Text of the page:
# How can I conceptualize virtual indices used in the time evolving block decimation (TEBD) algorithm?

I am trying to work with the Heisenberg $$XX$$ model which the Hamiltonien is given by $$\hat{H} = -J \sum_i \left(\hat{X}_i\hat{X}_{i+1} + \hat{Y}_i\hat{Y}_{i+1}\right), \quad J > 0.$$ Using $$s^+ = |{0}\rangle \langle{1}|$$ and $$s^- = |1\rangle \langle 0|$$, I have redefine the Hamiltonien such as $$\hat{H} = -2J\sum_i (s_i^+s_{i+1}^- + s_i^-s_{i+1}^+)$$. I want to evolve a Matrix Product State (MPS) with the mentionned Hamiltonien using the TEBD algorithm. The block representation of the TEBD uses virtual indices, called bonds. I was wondering how could I associate these indices with the ones from the tensor on each site of my MPS ? More specifically, I seem to have trouble contracting the right (meaning the good one) indices with the axes = () option using np.tensordot().

For example, how to choose the right indices to contract between tensors on adjadcent site with the np.tensordot() only knowing the shape that should have the resulting tensor? It seems to me like there is more than one way to contract indices for two adjacent tensors such that the resulting one have always a specific shape. I hope my question is not too nebulous. Thank you.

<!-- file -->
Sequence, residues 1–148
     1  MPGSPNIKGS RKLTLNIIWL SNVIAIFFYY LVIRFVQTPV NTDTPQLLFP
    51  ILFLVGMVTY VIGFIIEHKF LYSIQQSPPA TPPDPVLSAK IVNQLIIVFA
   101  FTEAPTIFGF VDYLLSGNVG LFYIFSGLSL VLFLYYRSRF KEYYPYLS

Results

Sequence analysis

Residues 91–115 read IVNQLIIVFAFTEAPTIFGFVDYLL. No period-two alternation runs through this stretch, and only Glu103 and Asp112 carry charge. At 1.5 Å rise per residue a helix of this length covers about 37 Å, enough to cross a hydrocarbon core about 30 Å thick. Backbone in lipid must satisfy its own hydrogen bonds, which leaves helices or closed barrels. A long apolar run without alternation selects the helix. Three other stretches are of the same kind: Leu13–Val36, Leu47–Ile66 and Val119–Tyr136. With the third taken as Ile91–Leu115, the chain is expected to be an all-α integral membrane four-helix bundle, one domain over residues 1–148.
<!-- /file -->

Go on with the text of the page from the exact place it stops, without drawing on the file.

EDIT: The figure is taken from: Block representation of the TEBD algorithm (Efficient numerical simulations with Tensor Networks: Tensor Network Python (TeNPy), Johannes Hauschild1 and Frank Pollmann. (2018).

Regarding your question, I think it depends on your convention of ordering virtual and physical bonds. As an example, if you have two adjacent MPS tensors, say $$B_n$$ with shape $$(\alpha_n, j_n, \alpha_{n+1})$$ and $$B_{n+1}$$ with shape $$(\alpha_{n+1}, j_{n+1}, \alpha_{n+2})$$, where $$\alpha_i$$ are virtual bonds and $$j_i$$ physical bonds; sweeping from left to right you now want to sum over the last axes of $$B_{n}$$ and the first axes of $$B_{n+1}$$. The first thing you'd need to do according to your figure would be:
theta_n = np.tensordot(B_n, B_n_1, (-1, 0))
Note that $$\Theta_n$$ will have the shape $$(\alpha_n, j_n, j_{n+1},\alpha_{n+2})$$. For the next step (i), you need to contract the 2nd and 3rd axes of $$\Theta_n$$ with the respective axes of the two-side unitary operator.